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Nutr Diabetes. 2012 Aug 27;2:e42. doi: 10.1038/nutd.2012.15.

Abdominal obesity and mortality: The Pennington Center Longitudinal Study.

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Pennington Biomedical Research Center, Louisiana State University System, Baton Rouge, LA, USA.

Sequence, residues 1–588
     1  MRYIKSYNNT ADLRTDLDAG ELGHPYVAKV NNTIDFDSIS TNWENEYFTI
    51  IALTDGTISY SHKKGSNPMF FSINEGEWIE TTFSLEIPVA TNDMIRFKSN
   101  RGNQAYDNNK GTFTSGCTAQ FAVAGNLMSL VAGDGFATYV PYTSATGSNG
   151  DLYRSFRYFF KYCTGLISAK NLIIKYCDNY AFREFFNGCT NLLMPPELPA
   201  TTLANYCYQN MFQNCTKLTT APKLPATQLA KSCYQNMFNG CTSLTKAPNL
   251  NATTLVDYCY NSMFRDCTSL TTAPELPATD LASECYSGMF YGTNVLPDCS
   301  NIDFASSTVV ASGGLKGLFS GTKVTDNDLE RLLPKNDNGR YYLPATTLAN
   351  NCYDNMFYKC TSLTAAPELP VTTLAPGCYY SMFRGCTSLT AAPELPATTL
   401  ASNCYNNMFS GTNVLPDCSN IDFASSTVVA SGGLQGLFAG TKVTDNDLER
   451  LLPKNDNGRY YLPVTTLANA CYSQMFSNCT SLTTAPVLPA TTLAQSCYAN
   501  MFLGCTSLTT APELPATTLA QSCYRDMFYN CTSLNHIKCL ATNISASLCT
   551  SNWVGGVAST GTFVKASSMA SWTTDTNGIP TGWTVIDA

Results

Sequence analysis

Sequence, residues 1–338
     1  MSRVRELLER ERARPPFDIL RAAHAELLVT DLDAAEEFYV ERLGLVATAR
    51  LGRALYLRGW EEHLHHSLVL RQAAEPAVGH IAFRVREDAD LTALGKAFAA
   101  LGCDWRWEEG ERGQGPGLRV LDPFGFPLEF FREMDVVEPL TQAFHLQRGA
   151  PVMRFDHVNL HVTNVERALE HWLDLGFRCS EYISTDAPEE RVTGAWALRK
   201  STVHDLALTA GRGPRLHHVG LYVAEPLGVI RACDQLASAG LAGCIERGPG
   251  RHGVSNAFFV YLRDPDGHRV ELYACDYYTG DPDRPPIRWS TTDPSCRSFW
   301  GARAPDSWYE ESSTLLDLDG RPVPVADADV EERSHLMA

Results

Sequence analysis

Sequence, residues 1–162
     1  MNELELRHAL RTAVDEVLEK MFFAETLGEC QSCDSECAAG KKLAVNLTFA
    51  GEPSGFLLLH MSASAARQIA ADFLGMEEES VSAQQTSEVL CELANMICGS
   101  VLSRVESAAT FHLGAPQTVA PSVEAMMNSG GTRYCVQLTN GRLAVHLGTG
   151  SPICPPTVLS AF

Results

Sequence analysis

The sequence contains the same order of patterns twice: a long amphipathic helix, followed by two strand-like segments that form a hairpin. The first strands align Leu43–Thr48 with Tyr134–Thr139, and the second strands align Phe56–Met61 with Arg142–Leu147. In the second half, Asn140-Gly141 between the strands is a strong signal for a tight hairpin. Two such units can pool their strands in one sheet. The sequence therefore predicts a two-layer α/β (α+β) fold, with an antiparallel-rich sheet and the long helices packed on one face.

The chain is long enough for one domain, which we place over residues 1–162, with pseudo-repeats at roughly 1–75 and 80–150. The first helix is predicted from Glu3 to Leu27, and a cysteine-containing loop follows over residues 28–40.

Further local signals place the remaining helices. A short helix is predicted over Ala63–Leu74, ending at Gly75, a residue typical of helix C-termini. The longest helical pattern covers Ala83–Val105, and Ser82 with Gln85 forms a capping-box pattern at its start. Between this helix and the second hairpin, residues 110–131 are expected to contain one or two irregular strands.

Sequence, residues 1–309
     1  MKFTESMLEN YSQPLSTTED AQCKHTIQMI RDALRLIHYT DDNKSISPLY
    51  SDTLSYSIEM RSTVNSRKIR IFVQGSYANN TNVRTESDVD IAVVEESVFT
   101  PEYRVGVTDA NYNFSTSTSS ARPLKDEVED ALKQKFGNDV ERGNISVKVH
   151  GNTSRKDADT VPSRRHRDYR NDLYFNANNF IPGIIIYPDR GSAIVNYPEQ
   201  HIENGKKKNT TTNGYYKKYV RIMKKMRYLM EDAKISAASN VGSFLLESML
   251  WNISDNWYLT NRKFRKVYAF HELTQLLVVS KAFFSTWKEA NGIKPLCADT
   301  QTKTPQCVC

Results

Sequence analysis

The purpose of this study was to determine the association between visceral adipose tissue (VAT) and all-cause mortality. The sample included 1089 white men and women 18-84 years of age from the Pennington Center Longitudinal Study, a prospective cohort of participants assessed between 1995 and 2008, and followed for mortality until 31 December 2009. Abdominal VAT was measured at the L4-L5 vertebral level using computed tomography. There were 27 deaths during an average of 9.1 years of follow-up. Abdominal VAT was significantly associated with mortality after adjustment for age, sex and year of examination (hazards ratio (HR) 1.46; 95% confidence interval 1.05-2.05). The association was stronger after the inclusion of abdominal subcutaneous adipose tissue (SAT), smoking status, alcohol consumption and leisure-time physical activity as additional covariates (HR 1.74; 1.17-2.59). Limiting the sample to participants who were free of stroke, heart disease and cancer at baseline reduced the strength of the relationship slightly (HR 1.62; 1.07-2.47). Abdominal SAT was not associated with mortality, either alone or in combination with VAT and other covariates. The results support the assertion that abdominal VAT is an important therapeutic target for obesity reduction efforts.

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